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  14. There's a lot going for the Model S. Perhaps a great deal more than the compact and subcompact EVs. I've got a Honda Odyssey--and I'd gladly trade it in for the Model S if I had the cash to make up the difference! But the fact that folks are willing to part with all variety of vehicles tells an interesting story--the market for the Tesla car is most likely more diverse than we might expect.
     
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  15. Ah lies, damn lies, and statistics.

    Tesla folks are 8.5 time more interested in fuel economy than the average person yet the article claims there is not much interest in Green. Does not make any sense.

    Oh, I see, it only makes sense when comparing them to the Prius people who cannot possibly justify their purchase by saying they are interested in acceleration, so they say they are interested in fuel economy.

    As always, you CANNOT determine customer's interests by asking them. It does not work. Review the failures of "conjoint analysis".

    But hey we can always pretend this is real data. It has numbers after all.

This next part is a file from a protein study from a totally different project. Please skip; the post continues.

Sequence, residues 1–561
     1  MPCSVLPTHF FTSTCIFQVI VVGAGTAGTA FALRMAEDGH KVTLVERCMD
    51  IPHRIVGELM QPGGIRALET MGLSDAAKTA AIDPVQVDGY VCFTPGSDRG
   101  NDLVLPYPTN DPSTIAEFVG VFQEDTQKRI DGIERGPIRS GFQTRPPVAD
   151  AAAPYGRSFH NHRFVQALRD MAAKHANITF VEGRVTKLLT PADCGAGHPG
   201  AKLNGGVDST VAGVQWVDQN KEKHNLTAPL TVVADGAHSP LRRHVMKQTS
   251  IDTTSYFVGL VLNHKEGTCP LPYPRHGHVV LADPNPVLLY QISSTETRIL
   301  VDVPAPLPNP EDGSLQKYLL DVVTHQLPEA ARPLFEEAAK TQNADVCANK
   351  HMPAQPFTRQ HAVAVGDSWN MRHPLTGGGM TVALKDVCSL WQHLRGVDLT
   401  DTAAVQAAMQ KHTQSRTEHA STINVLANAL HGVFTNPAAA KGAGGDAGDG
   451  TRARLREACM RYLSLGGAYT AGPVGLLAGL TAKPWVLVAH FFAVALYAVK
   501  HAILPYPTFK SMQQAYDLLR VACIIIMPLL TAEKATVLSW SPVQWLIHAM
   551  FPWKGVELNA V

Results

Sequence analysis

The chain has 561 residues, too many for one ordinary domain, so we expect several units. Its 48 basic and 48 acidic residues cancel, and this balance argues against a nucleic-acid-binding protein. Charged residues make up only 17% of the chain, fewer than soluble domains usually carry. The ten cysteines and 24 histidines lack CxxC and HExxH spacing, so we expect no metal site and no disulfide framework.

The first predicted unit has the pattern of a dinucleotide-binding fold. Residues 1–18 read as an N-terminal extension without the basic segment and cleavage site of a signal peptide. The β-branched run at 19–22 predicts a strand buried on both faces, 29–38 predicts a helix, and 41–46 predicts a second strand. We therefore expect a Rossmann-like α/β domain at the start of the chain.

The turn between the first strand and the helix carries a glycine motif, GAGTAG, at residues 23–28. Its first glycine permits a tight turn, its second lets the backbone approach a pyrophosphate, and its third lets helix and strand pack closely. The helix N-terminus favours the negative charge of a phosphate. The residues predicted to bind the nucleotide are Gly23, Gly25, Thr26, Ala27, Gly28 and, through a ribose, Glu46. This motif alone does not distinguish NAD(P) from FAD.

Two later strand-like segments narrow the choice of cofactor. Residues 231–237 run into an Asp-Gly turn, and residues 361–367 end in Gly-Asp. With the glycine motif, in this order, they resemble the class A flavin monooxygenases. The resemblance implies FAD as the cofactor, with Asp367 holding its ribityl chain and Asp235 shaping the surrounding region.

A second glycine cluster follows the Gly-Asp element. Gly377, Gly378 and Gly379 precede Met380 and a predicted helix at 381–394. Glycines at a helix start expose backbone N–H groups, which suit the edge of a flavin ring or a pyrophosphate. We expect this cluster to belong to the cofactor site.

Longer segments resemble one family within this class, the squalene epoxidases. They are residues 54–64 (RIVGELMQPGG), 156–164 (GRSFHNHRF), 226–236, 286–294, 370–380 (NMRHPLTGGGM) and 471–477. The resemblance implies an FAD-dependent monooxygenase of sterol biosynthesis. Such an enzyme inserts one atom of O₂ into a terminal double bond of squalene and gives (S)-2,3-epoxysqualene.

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  16. I'm a liberal, and I just bought a Chevy Volt, but not because it was green. The green part was a factor, but not the one that motivated me to drop 40 large.

    I bought it because it's electric, fun to drive, doesn't depend on foreign oil, is a giant gadget, and also because it's green.

    Driving it around, I don't feel like I'm saving the planet, I felt that way driving my 15 year old Camry, after all, any new car drains resources and puts a burden on the environment. I feel like I'm championing the future of automotive technology, as well as wresting control of that future out of the hands of oil companies. THAT is why I bought electric.
     
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  17. Exactly, keep your current high mpg gas or "hybrid" car such as Prius going is still more green than go out and buy a brand new BEV.
     
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  18. Unless your used Prius replaces someone else's gas guzzler... Tesla technology trickles down in a variety of ways...

    I plan to replace my Prius with a Tesla that'll be fueled by my solar panels, and consider it an environmentally favorable move.
     
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  19. It is. But there is very little benefit if you trade in your 2 yr old Prius for a Tesla S.

    But if the Prius got 200,000 miles and is over 13 year old, then you trade it in for a Model S, then it is benefitial.
     
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  20. Well, sense that prius puts out 56250 pounds of CO2 over 6 years and 90k miles, I don't see how a car that puts out zero emissions is somehow "not much better". He wont just crush the car, even if I buy a new car every year, barely better than the last, it is better. The other car gets old and someone else gets better milage.